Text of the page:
Five Things You Shouldn’t Do

Five Things You Shouldn’t Do


Last month I wrote about the American Composers Forum’s BandQuest program and composer Michael Colgrass’s thoughts about what he learned in participating in this groundbreaking project. Since a poster to these pages last week mentioned him and his advocacy work for composing for young players, I thought I’d use this week’s post to give a summary of his “don’ts” to consider when composing for bands at this level. (See Chatter 6.5.2006 for his list of “dos”):

1) Don’t fall into the trap of excessive doubling that makes all middle school band music sound the same. The more doubling you use the more “grey” the sound will be. Find alternative ways to strengthen a passage and to give the kids a feeling of confidence playing as a group without necessarily having them play the same notes. For example, clusters give as much support to a line as same-note doubling and kids like them (when the music is appropriate for that effect of course). Also kids like aleatoric effects. These are easy to play and create an ensemble effect, so that, again, they all feel like they are somehow playing together.

2) Further to the question of orchestration in band writing, avoid the dangers of writing too thickly in the middle zone of the band, i.e., saxophones, horns, euphoniums, bassoons. This especially is what gives the band that thick heavy sound.

3) Don’t dumb down. You can write a conceptually sophisticated piece that is technically easy to play and creates a mood that is special. The whole idea of getting serious composers to write for kids is that you don’t want to write that cookie-cutter type of music that publishers usually churn out and send to band directors every fall. Write something imaginative. Think like a kid! What kind of a piece would you have liked to play when you were in a band as a kid?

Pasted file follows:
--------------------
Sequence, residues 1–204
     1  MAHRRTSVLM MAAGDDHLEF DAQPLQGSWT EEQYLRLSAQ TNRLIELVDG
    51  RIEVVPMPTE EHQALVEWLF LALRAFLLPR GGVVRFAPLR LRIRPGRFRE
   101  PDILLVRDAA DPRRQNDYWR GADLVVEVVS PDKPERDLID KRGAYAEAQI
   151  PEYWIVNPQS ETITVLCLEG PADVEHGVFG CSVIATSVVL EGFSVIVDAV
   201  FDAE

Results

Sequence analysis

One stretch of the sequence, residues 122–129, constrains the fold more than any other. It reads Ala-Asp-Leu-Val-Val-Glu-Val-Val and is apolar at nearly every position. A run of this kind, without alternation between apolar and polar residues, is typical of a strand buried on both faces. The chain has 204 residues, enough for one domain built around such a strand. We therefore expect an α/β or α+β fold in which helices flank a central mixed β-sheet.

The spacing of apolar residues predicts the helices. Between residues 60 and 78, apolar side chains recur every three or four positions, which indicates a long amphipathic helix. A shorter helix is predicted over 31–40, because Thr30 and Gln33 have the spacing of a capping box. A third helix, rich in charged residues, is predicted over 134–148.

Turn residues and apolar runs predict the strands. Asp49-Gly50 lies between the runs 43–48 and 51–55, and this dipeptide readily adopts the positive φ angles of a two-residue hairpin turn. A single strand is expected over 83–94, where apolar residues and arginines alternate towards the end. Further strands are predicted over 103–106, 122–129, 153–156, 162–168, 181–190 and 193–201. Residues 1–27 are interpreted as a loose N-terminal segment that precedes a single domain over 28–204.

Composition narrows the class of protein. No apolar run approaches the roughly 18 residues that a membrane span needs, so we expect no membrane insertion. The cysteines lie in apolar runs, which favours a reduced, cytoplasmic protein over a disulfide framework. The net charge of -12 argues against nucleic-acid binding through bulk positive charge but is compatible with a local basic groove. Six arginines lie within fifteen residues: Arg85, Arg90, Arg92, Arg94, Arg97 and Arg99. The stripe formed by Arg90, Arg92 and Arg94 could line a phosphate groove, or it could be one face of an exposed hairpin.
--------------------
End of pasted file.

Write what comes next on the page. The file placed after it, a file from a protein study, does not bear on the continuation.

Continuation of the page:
4) Don’t depend on virtuosity to make your piece good. Young players are very limited and the things they can do beyond what they think they can do they are rarely confident enough to try to do. That said, you can still create some fascinating stuff without having to use the kind of pyrotechnics we composers often depend on to create pieces when writing for “mature” musicians. Take it as a challenge to see what you can think up that fits within the limitations available to you. Your imagination is more challenged here than anywhere else I can think of as a composer.

5) Don’t be over-confident and think that writing for kids will be easy. Otherwise you are liable to fall into the same traps most of the people who write for kids fall into. The challenge is to write a piece you can be proud of and that even has some emotional power. Think about how you could accomplish that within the parameters of young players’ musical development.


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